Government’s case against Justice KM Joseph is not convincing. CJI, and Collegium, must stand up by putting their foot down
By: Editorial | Updated: April 27, 2018 12:10:06 am
The NDA government has segregated and returned for reconsideration of the Supreme Court Collegium the proposed appointment of Justice KM Joseph as judge in the apex court. As Chief Justice of India Dipak Misra has pointed out, it is within its rights to do so. Yet, the government’s move in a fraught context rife with crucial questions raises worries about the health of the institution of the judiciary and its independence from the executive. The government has singled out Justice Joseph from the two recommendations made by the collegium in January after sitting on them for more than three months — the segregation is unusual, as was the delay. Neither can be explained away by the selective invoking of the so-called seniority or diversity norms in appointments to the higher judiciary. As Uttarakhand Chief Justice, K M Joseph had quashed the imposition of President’s Rule by the Centre in 2016, restoring the Congress government in the state. If the bid to stall his elevation is read as an unsubtle signal to him, and even more disquietingly, to all judges, that a judge has to pay for an inconvenient verdict, the government has itself to blame.
The ball — the opportunity to defend his institution — is now in CJI Misra’s court. At the very least, the government’s moves, given the questions they raise, need to be considered institutionally, in a meeting of the collegium. So far, CJI Misra appears to have discounted the serious concerns raised by his brother judges in the recent past regarding the executive’s bid to control or dominate the judiciary. In January, four senior-most SC judges held an unprecedented press conference to say that all is not well with the court. In March, Justice J Chelameswar wrote a letter flagging the government’s stalling of the elevation of a judicial officer to the Karnataka HC despite the Collegium’s reiteration of his candidature. In April, Justice Kurian Joseph wrote to the CJI about a threat to the “very life and existence of the institution”. Most recently, hours before the government cleared one Collegium appointment and held back another, Justices Ranjan Gogoi and Madan Lokur asked CJI Misra to call a “full court” to discuss its future. By not responding to the anxieties expressed by senior judges, CJI Misra has only strengthened the unfortunate impression that he is not willing to stand up to attempts to subdue the court.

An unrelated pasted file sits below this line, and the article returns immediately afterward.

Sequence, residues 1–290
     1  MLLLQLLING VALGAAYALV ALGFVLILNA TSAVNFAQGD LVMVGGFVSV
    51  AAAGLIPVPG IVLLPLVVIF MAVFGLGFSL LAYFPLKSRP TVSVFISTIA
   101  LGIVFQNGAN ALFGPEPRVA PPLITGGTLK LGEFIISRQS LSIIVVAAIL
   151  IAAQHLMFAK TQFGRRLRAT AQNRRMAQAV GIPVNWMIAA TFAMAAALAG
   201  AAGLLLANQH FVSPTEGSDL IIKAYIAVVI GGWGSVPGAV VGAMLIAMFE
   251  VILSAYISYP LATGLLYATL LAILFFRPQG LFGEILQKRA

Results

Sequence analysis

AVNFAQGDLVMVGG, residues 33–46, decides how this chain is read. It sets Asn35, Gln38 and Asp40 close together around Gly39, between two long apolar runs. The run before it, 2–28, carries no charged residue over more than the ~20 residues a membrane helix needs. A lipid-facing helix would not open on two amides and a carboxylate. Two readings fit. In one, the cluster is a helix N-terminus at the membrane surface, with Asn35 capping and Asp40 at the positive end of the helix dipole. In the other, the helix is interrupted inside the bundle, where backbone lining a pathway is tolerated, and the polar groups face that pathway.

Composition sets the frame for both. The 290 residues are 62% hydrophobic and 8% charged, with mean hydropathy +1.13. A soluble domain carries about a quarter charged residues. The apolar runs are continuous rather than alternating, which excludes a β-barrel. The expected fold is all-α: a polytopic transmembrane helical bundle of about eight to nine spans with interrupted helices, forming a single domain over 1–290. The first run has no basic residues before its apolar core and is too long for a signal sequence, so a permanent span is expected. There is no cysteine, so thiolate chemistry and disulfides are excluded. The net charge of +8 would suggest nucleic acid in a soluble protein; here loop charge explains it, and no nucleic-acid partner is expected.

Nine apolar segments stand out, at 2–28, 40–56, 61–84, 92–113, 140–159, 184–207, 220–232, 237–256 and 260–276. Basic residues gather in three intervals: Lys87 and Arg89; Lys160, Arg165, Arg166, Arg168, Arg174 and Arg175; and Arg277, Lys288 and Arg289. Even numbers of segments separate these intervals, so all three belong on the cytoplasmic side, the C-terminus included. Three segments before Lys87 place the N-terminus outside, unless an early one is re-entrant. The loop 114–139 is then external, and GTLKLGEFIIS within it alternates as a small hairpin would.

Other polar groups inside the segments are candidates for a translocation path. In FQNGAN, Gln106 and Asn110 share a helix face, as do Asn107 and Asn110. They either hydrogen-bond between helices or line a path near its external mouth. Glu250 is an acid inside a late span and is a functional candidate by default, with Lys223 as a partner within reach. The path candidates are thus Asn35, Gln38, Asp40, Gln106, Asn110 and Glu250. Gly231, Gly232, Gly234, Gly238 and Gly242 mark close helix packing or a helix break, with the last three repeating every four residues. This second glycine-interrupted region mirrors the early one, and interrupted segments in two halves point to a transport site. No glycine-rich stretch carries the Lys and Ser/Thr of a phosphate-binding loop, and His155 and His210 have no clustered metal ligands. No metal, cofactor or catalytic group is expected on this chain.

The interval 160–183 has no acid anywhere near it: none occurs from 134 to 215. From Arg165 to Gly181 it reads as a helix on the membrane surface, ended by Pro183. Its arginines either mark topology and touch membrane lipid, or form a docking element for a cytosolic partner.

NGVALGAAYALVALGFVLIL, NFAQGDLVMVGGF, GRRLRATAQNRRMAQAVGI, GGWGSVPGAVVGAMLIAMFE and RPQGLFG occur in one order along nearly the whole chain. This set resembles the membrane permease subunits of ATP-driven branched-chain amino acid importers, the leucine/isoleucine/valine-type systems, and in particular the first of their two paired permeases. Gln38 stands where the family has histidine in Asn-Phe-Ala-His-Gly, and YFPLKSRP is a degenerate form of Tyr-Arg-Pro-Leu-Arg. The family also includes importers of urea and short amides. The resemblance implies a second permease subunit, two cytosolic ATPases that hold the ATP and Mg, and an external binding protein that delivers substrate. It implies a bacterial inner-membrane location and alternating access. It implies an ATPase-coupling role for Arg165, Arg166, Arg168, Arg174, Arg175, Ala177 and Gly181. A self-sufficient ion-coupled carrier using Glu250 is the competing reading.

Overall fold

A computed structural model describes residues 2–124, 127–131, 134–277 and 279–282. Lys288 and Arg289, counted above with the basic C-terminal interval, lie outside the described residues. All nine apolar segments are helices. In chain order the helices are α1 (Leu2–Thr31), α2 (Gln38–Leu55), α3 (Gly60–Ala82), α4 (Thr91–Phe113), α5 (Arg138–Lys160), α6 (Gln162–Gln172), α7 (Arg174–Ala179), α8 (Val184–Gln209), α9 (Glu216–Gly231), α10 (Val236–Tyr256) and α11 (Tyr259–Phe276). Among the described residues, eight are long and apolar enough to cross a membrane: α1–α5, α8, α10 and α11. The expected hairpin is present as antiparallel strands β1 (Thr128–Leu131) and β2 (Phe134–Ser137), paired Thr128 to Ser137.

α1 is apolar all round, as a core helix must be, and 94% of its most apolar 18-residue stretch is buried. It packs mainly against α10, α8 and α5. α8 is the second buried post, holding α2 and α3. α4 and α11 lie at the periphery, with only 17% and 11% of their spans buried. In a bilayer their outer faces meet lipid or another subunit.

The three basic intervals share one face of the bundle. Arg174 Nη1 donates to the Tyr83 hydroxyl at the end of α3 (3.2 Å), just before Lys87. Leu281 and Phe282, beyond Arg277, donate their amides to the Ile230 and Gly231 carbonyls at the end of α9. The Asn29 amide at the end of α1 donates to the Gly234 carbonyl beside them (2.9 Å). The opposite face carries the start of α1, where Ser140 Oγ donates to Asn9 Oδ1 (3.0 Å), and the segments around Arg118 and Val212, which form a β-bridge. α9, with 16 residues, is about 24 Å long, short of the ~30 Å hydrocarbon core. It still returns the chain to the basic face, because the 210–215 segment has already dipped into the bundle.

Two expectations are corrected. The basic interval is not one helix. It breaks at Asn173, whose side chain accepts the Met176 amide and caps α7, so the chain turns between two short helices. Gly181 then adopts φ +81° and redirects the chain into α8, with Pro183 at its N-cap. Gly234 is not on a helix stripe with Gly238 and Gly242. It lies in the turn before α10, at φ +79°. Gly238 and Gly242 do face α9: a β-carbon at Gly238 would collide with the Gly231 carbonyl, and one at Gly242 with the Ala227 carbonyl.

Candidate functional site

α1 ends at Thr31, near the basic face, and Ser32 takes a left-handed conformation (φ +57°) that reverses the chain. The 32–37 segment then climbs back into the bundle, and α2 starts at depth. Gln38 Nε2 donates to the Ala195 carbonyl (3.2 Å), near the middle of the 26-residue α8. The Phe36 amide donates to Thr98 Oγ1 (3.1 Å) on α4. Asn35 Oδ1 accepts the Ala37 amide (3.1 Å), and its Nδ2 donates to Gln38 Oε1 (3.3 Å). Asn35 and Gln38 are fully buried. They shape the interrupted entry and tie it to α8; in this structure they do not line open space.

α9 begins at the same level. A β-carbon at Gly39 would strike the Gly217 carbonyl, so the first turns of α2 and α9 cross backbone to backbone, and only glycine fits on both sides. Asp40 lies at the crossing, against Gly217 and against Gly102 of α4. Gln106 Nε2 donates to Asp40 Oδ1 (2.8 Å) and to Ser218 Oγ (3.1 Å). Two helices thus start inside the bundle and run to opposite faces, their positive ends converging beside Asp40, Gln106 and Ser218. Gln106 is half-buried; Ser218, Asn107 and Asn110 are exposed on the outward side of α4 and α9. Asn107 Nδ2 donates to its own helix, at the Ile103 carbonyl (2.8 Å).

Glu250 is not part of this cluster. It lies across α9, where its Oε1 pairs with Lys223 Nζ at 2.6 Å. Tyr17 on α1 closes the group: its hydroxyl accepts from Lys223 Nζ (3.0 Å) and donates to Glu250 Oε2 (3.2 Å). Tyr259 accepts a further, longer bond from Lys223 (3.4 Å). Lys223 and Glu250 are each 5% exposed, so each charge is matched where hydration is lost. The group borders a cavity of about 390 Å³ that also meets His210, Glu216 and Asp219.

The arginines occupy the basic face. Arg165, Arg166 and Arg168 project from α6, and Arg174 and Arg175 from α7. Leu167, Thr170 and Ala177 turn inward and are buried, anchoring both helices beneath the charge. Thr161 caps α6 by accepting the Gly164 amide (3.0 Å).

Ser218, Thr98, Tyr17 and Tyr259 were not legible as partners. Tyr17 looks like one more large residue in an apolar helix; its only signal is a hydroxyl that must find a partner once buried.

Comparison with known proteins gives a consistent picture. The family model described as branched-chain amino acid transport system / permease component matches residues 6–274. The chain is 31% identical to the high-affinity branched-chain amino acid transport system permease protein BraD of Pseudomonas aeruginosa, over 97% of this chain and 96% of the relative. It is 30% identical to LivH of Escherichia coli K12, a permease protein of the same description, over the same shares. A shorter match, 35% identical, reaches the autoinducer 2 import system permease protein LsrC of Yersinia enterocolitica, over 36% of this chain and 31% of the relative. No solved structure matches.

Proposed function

In 2014, not long after the NDA assumed power at the Centre, the then CJI, RM Lodha, had written to the Union Law Minister to express his disapproval of the “unilateral” segregation by the government of the appointment of Gopal Subramaniam, former solicitor general who was outspoken on Gujarat 2002, from a panel of four names recommended by the Collegium for elevation as SC judges. “In future such a procedure… should not be adopted by the executive”, he wrote. The court has a proud legacy of protecting its own dignity and independence. CJI Misra must live up to it. Not just his own legacy, the integrity of the institution he heads is at stake.